How Serious Is Brexit?

By David Bassanese | More Articles by David Bassanese

With the Brexit vote looming large, markets are understandably on tenterhooks as to the outcome.

To my mind, the great problem with the Brexit vote is not so much the global economic consequences should the UK decide to leave the Europe Union, but rather the sheer uncertainty or “event risk” ahead of the decision.

A month or so ago, it seemed safe to ignore the Brexit vote. After all, it was still some time away. And although polling suggested the voting would be close, there remained a large slab of undecided voters. The betting markets, moreover – often the best predictor of events – still gave around an 80% chance to voters deciding to Stay.

What has rattled markets of late is the fact that the official polls have detected a moderate swing to the Leave camp, placing it just ahead of the Stay brigade. More ominously, however, is the fact that even the betting odds have narrowed, with the risk of Brexit rising from around 20% to 40%.

So how the vote goes remains to be seen. But my hunch is that global markets should soon get over this sideshow whichever way the vote goes.

As for the UK itself, I must say of have some sympathy for the Leave arguments, and do not think the consequences for the UK of exiting the EU would be as dire – especially over the long-run after some short-run adjustments.

In a mirror image, while the short-run consequences for the EU itself would likely be small, the longer-run consequences or a Brexit could be dire – especially if the UK economy powers ahead without it.

How serious is Brexit? Let’s put some numbers around it. For starters, the UK only accounts for around 2.5% of the global economy. The European Union accounts for around 16% of the global economy – or is roughly the size of the United States Economy. So even with the EU itself, the UK account a moderate 15%.

So should the UK fall into a whole, its unlikely to inflict too much damage on the global economy, though it would add to the negative risks for Europe. That’s likely why, incidentally, in post-Brexit negotiations the EU would be unlikely to simply jack up trade barriers and try to bury its English neighbour.

Of course, as pointed out by Capital Economics, it’s also true that just under half of UK export go the EU, and a full 60% toward countries either in the EU and enjoying a free-trade deal with the EU.

Exports, moreover, account for around 30% of UK GDP.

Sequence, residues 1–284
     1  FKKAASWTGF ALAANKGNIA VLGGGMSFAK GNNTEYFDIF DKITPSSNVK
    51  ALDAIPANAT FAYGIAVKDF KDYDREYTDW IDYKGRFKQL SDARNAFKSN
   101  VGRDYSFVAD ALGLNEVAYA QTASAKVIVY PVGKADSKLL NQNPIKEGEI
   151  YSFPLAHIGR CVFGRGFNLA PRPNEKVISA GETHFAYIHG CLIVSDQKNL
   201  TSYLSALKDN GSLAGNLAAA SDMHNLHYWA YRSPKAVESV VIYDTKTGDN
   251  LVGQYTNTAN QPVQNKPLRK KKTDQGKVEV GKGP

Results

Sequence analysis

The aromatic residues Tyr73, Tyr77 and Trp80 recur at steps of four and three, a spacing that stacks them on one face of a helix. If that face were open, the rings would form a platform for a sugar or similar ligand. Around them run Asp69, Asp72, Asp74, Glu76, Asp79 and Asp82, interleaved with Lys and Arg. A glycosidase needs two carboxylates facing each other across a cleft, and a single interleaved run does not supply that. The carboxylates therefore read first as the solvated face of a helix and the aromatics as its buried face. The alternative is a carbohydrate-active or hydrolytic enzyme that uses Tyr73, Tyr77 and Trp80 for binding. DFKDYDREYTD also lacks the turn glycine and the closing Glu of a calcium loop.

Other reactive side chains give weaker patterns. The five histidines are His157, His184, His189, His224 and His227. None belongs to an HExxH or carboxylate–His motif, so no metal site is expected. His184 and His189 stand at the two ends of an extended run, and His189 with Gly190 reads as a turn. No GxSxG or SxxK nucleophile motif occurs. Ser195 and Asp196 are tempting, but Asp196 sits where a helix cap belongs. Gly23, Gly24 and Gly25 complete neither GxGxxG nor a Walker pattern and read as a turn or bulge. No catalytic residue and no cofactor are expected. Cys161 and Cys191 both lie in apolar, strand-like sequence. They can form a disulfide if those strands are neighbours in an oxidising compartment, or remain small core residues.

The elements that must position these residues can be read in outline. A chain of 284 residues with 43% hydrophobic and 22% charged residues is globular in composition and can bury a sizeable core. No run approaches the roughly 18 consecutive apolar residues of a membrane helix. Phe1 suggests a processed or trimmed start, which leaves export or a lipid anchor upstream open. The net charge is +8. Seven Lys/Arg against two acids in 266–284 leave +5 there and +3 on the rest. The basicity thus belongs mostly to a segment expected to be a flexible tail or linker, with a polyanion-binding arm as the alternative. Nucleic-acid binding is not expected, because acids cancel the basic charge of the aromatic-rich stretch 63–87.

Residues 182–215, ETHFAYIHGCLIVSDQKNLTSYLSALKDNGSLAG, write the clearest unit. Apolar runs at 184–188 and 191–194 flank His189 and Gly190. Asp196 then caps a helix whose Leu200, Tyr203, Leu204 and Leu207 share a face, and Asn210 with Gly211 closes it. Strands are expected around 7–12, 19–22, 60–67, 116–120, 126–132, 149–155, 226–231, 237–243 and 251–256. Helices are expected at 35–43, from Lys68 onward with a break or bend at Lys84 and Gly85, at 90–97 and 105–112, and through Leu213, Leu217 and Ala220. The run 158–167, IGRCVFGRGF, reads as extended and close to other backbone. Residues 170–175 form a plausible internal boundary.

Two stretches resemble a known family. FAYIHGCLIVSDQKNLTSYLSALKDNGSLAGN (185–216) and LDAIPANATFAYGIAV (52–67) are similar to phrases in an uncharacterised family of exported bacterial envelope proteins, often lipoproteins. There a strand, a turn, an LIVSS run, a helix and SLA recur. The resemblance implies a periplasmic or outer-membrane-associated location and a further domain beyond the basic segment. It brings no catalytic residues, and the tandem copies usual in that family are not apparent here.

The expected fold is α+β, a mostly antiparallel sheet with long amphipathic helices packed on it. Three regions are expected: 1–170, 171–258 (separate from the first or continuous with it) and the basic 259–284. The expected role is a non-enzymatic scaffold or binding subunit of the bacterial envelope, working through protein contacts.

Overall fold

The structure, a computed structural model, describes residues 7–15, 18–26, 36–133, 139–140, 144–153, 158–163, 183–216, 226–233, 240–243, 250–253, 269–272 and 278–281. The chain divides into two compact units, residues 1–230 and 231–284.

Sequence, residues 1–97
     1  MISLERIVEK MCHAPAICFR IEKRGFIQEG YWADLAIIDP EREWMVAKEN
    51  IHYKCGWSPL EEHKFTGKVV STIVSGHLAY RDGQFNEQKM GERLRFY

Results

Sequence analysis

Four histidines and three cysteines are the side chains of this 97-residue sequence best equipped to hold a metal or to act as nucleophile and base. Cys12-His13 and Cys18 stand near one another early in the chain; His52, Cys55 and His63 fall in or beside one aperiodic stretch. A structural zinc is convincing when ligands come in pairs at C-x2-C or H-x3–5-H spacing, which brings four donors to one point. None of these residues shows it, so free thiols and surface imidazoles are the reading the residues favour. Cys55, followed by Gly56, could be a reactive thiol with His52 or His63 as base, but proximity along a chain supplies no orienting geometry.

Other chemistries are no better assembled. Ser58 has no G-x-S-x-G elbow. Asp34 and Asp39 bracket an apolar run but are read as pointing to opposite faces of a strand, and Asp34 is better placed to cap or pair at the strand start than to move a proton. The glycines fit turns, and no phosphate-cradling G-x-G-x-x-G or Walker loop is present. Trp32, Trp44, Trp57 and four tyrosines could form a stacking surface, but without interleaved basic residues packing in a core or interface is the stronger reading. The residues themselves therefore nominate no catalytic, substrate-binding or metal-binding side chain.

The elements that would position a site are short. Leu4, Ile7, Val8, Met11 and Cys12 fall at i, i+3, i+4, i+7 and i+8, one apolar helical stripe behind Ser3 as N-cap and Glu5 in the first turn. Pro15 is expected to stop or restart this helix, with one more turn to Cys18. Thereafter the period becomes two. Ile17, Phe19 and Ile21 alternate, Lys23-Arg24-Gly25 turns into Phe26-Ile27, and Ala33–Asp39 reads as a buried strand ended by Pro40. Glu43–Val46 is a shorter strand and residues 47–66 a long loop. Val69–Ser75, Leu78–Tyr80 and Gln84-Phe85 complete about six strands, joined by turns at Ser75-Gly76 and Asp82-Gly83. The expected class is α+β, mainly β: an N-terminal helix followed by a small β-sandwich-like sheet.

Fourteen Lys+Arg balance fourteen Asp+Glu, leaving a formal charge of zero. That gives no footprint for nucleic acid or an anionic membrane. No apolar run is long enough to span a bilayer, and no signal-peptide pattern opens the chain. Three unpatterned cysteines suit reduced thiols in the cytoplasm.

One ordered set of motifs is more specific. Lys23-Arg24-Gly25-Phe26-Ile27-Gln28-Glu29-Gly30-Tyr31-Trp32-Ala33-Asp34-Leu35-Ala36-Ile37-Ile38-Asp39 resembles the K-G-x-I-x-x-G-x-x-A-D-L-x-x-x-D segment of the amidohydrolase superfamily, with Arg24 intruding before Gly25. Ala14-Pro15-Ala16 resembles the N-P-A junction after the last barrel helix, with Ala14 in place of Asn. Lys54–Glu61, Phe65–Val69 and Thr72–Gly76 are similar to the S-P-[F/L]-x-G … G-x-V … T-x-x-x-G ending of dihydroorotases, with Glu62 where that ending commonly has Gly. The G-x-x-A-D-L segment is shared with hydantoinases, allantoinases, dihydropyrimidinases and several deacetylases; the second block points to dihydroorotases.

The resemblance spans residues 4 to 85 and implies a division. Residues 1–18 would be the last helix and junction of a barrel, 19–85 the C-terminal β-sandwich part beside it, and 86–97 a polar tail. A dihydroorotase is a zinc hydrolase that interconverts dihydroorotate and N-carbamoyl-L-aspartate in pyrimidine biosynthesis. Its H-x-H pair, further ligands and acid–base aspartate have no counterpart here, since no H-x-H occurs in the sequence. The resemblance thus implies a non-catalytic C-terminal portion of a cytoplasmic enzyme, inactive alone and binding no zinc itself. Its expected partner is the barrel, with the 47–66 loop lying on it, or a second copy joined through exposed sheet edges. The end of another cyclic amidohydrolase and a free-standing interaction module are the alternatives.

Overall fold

In a worst case scenario, in which the UK loses access to its free-trade arrangement with EU, it would be subject to tariffs under the EU’s “most-favoured” nation rules. But even here, (an admittedly post-Brexit) UK business group has estimated estimates suggest the average tariff on UK exports to the EU would be only 4.4%. That said, some sectors – such as agriculture, food, drink and car manufacturers could face tariffs of 10% of more. But most services – clearly the more important sectors of the future – are largely tariff free.

Note, moreover, that under EU rules any member deciding to leave has two years to negotiate the terms of withdrawal. It seems likely that, after tempers settle down, the EU would be prepared to negotiate a fairly open trade deal with the UK – if only to help many remaining EU member countries for whom the UK remains an important export market. Indeed, the USA is not a member of the EU and appears to have little trouble exporting into the region. The UK would then also be free to negotiate its own trade deals with non-EU countries.

As just as New York remains an important financial centre, so to I suspect London would retain its importance in global and European financial affairs. Indeed, exiting the EU might give the City new regulatory freedom to promote its services in both Europe and across the globe.

More generally, I also suspect the UK would do better by shedding itself of the excess regulatory burdens imposed on it by the European continent’s corporatist mentality.

Indeed, many suggested the UK faced economic wreckage were it to drop out of the European Exchange rate Mechanism back in 1992. As it turned out, however, dropping out of the ERM allowed the UK to cut interest rates to deal with a home-grown recession, and also allowed the Pound to drop to a more competitive level. The economy soon recovered.

Should the UK leave, the EU I think it would never look back and would the EU economically a clean pair of heels.

The longer-term challenges for the EU, however, would only intensify should the UK succeed without it.
 

David Bassanese

About David Bassanese

David Bassanese is one of Australia's leading economic and financial market analysts. His is Chief Economist with BetaShares, and an Economic Advisor to the National Institute for Economic and Industry Research (NIEIR)

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